"For the past 10,000 years, astronomers have been studying the light side of the universe. We have now just begun to study the dark side of the universe."
Illustration of a black hole in front of the Large Magellanic Cloud, a galaxy nearby our own Milky Way. Image: Alain r/CC-by-2.5
Black holes, by nature, are tricky to spot. These regions of spacetime have such forceful gravitational fields that even light cannot escape them, rendering the vast majority of them functionally invisible from our perspective on Earth.
Because of these stealth invisibility cloaks, only a few dozen black holes have ever been identified. These rare observations are the result of black holes interacting with other objects—for instance, the radiant death of a star as it is torn apart by a black hole's tidal forces, or the gravitational ripple created by the collision of two black holes.
Scientists estimate that there are at least 100 million stellar-mass black holes in the Milky Way galaxy alone, so evidently there's a large gap between the theoretical population of black holes and those we can actually observe.
New research published on Thursday in the Astrophysical Journal proposes an inventive new way to bridge that divide, and thus exponentially boost discoveries of black holes. The study was led by cosmologist Avery Broderick and PhD student Mansour Karami, who are jointly based at the University of Waterloo and the Perimeter Institute for Theoretical Physics. The team's conclusions, profiled in the below video, show that radio-wave "movies" of gravitational microlensing events could be the secret to detecting and characterizing isolated black holes.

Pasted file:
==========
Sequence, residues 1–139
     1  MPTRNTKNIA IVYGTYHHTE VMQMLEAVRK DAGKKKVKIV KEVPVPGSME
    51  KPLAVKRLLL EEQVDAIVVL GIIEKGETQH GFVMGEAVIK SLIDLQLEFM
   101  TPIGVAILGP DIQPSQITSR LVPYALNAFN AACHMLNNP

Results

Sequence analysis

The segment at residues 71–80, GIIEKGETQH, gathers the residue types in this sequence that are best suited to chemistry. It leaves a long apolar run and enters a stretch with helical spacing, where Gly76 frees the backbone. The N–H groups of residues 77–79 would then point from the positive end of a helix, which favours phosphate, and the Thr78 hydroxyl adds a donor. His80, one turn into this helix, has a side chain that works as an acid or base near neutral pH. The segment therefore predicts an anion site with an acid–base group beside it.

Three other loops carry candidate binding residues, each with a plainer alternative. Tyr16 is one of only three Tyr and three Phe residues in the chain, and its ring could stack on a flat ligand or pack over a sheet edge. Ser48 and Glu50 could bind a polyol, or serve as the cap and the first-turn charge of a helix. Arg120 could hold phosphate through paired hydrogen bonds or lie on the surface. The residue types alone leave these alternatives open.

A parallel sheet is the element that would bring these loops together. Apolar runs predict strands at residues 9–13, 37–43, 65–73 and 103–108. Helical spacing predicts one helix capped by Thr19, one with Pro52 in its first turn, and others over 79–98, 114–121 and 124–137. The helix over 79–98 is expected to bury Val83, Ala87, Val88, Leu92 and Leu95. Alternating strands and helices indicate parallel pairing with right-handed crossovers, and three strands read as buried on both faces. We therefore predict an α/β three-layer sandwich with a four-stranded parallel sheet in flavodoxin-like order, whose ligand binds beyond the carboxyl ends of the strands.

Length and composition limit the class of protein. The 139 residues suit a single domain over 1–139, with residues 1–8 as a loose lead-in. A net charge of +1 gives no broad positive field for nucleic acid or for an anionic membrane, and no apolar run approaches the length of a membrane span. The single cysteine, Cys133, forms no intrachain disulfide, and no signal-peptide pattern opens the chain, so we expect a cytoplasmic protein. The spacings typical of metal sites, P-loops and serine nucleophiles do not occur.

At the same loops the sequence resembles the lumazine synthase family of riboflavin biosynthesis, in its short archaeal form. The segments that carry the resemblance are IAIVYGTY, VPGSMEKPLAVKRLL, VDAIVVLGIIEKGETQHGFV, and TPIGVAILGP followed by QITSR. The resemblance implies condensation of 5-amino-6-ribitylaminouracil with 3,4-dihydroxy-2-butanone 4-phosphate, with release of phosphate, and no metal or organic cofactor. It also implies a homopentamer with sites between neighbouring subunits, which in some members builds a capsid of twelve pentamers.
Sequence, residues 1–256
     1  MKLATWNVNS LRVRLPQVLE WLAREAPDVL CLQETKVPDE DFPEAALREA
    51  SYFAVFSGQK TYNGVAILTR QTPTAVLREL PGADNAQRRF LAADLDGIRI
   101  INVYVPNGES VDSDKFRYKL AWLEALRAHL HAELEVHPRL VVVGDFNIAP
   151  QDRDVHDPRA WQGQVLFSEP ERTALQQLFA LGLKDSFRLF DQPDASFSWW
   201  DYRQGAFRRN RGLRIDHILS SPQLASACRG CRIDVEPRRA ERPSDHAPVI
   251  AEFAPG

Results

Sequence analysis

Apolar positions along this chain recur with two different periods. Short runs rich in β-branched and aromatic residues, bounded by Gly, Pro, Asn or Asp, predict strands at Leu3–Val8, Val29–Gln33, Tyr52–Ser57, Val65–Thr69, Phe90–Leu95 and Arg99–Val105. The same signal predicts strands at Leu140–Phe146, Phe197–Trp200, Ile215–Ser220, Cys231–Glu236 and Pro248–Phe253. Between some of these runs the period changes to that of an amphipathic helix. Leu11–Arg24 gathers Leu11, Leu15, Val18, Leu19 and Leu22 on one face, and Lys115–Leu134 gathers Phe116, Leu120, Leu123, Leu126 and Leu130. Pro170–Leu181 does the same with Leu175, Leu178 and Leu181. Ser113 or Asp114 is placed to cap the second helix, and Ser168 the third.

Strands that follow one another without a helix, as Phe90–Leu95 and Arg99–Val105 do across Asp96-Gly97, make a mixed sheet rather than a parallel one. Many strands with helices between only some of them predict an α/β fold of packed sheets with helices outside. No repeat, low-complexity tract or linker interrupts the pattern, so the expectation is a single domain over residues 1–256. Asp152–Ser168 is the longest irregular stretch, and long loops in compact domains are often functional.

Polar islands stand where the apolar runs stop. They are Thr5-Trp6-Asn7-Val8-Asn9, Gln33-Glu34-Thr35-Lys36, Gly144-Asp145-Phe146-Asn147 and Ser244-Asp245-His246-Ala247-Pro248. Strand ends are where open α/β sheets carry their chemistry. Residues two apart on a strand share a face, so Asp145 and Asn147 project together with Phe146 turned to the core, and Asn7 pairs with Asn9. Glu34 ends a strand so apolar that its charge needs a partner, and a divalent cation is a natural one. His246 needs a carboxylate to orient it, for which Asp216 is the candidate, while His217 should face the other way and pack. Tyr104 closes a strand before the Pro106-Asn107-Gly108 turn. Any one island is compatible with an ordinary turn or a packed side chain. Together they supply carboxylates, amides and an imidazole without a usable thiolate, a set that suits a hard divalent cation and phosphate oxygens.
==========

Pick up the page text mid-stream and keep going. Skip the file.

Microlensing occurs when a large object, like a black hole, passes in front of a background light source, which distorts and sometimes amplifies the background object's light from our perspective. This cosmic "zoom in" effect has often been used to study very distant stars and planets that seem magnified by the foreground object.
Microlensing-focused observatories hunt for telltale flashes of light in the optical bands of the spectrum, but Broderick and Karami's technique would focus on "radio-bright" background sources, like distant quasars, in order to build higher resolution models.
"When you look at the same event using a radio telescope—interferometry—you can actually resolve more than one image," said Karami in a statement. "That's what gives us the power to extract all kinds of parameters, like the object's mass, distance, velocity."
The team intends to partner with sophisticated interferometer facilities, like the Very Long Baseline Array in New Mexico, in seeking out microlensing events that involve single black holes. Broderick and Karami estimate that this technique would lead to the discovery of about ten black holes per year, "doubling the current number of black hole detections within two years, and unlocking the galactic history of black holes in over a decade," according to a press release.
"For the past 10,000 years, astronomers have been studying the light side of the universe," said Broderick. "We have now just begun to study the dark side of the universe with gravitational waves. This project brings the two of those together."
Correction: This article originally stated that Avery Broderick and Mansour Karami were based at the Perimeter Institute for Theoretical Physics. It has been updated to reflect that they have joint appointments with Perimeter Institute and the University of Waterloo.
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